There is unanimous consensus from the scientific community that MC, if implemented as a non-therapeutic preventive health measure, should be done as early as possible. The procedure is preferably performed within a few days after birth for healthy boys. Following are the list of advantages supporting the rational to perform MC early in life rather than waiting. Maximum benefits of circumcision are achieved

Late circumcision reduces the risk of urinary tract infections (UTIs) which occur mostly during the first year of life by almost 10 times [39]. Thus, there is a loss of this preventive health benefits when circumcision happens late in life, from adolescent onward. Protection against UTIs and kidney damage in infancy is lost if it is not performed during the first year of life.

Avoiding childhood phimosis and balanoposthitis is also lost if circumcision is not performed early. Some benefits associated with STI prevention would be lost if circumcision is done after sexual debut. As penile cancer is associated with phimosis and HPV infection, late circumcision means increased risk of cancer.

From a public health perspective, a disease prevention measure has to be implemented on a scale large enough to have an impact at the population level. Circumcision could resemble a vaccination program against HIV. The indirect benefits of MC in women would not occur unless a sufficient number of men are circumcised to allow the effect of herd immunity [40]. Higher MC coverage can be achieved easier through NMC. All pregnant women and their husbands could be educated about NMC during antenatal care sessions and decide about the procedure prior to delivery. Circumcisions can be conducted within a few days of birth for healthy infants while the mother recovers from labor and delivery. This would allow mothers and infants to be discharged together. Simpler, safer, and cheaper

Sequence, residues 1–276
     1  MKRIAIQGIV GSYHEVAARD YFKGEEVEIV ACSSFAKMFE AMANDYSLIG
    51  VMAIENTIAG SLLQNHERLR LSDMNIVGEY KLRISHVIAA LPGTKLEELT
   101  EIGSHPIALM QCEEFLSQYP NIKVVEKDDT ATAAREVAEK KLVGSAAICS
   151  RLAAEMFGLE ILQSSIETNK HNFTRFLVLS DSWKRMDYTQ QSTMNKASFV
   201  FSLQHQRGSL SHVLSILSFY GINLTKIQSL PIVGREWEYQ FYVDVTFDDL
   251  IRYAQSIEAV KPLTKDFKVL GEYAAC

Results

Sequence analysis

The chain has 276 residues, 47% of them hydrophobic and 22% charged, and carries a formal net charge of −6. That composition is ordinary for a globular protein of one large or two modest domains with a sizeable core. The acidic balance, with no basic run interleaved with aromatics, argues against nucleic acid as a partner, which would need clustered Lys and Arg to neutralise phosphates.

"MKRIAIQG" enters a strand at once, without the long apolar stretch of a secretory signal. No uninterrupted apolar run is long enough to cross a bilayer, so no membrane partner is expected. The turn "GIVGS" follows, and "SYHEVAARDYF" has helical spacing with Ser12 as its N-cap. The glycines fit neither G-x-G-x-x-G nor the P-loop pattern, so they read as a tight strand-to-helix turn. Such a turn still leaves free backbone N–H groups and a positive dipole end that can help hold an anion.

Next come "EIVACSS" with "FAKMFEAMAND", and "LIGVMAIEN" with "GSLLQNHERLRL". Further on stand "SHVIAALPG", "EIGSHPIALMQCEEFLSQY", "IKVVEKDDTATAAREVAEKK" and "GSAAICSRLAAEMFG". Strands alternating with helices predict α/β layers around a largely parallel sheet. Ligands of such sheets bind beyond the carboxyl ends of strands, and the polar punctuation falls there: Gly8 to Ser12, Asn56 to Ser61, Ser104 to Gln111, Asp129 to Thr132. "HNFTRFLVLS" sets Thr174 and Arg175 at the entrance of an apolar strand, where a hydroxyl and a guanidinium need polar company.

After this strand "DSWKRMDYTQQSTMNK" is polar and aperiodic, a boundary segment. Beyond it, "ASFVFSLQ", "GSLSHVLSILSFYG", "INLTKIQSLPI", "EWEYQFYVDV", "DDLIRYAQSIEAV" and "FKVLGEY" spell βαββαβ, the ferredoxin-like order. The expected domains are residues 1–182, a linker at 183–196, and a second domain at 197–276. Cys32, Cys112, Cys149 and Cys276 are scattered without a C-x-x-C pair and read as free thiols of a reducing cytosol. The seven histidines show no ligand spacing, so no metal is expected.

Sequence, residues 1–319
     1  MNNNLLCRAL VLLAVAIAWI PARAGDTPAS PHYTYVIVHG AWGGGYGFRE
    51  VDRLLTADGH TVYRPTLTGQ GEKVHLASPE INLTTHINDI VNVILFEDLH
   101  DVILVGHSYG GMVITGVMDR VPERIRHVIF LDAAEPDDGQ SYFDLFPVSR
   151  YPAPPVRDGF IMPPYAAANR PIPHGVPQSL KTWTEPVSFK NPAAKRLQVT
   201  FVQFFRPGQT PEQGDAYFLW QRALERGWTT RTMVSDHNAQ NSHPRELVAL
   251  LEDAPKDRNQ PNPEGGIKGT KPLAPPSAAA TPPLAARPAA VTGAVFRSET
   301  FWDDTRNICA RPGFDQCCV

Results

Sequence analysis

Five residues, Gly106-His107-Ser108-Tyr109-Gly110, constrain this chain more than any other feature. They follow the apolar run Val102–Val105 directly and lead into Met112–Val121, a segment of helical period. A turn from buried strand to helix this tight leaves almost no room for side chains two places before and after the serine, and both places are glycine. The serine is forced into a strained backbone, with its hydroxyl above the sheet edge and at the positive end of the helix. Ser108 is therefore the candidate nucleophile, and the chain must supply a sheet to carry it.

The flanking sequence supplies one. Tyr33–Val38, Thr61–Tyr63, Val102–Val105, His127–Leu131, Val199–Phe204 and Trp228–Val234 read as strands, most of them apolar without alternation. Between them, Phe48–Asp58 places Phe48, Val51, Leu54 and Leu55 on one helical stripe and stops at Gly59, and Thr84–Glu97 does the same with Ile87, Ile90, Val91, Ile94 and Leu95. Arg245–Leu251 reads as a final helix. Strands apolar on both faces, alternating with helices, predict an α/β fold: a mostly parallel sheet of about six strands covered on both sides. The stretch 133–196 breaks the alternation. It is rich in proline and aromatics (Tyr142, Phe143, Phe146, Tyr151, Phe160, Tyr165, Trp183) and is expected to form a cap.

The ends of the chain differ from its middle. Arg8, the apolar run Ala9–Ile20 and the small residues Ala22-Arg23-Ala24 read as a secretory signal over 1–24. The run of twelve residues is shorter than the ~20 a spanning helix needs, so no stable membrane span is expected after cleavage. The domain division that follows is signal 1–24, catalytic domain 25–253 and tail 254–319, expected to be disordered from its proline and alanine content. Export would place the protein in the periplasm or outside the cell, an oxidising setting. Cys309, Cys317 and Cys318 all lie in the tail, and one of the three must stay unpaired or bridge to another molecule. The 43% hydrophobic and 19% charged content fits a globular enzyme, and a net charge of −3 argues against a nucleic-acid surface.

Circumcision is much easier to perform during the neonatal period than at a later age. General anesthesia is not required which diminishes the possible adverse events associated with it. The procedure also takes less time, usually just a few minutes to complete. The tissues and blood vessels involved are so tiny that there is no need for stitches.

Bleeding and infection are the two main serious side effects of MC. When performed by trained health personnel at well-equipped health care facilities, NMC is safe and has a low rate of complications [41].

It is cost saving to conduct MC during the neonatal period than at an older age. A study in the US found that NMC was about 10 times cheaper than circumcision performed later [42]. This advantage is especially important in developing countries. More convenient

Circumcising infants during their first few days of life is a lot more convenient than to circumcise older boys or adolescents. Neonates are ready for surgery and would not require the counseling required for older boys. There is no need to do HIV counseling and testing for newborns, since they are considered HIV negative, except for those born to HIV-infected mothers. Older boys need to be informed of the benefits and risks of the procedure and must give their informed consent. Confounding factors include fear of the surgery and psychological difficulties. If the procedure is done during school age, students will have to take time off school. Healing is also faster at around 1 week for NMC compared to at least 2–3 weeks for circumcision in adults [43]. Sexually active persons must abstain from sexual intercourse for 6 weeks to ensure proper healing. Having sex during this period would make patients prone to infections including HIV thus negating the main benefit to be gained from procedure.

Other benefits of NMC over circumcision at later age include no long-term memory of the surgery and a better cosmetic outcome. No risk compensation

Risk compensation is a phenomenon by which people adjust their health behavior in response to the perceived level of risk. People become more careful where they sense greater risk and less careful if they feel more protected. Sexually active males who were circumcised as an adult may engage in greater sexual risks due to a perception they have less HIV risk following MC. This could occur among female partners of circumcised men as well if they perceive lower risk. There is little chance of risk compensation for NMC. Boys who are circumcised very early in life would not sense any change in risk as they have been circumcised their whole lives.

2.2.3. Concerns over MC

Besides the low probability of medical risks associated with the surgery such as bleeding, infection, and unsatisfactory cosmetic result, several concerns have been raised. Some of the issues raised are considered controversial, while others have no evidence to support them. In following section, each topic is discussed citing the ongoing conversation and debate as well as up-to-date scientific information. Ethical issues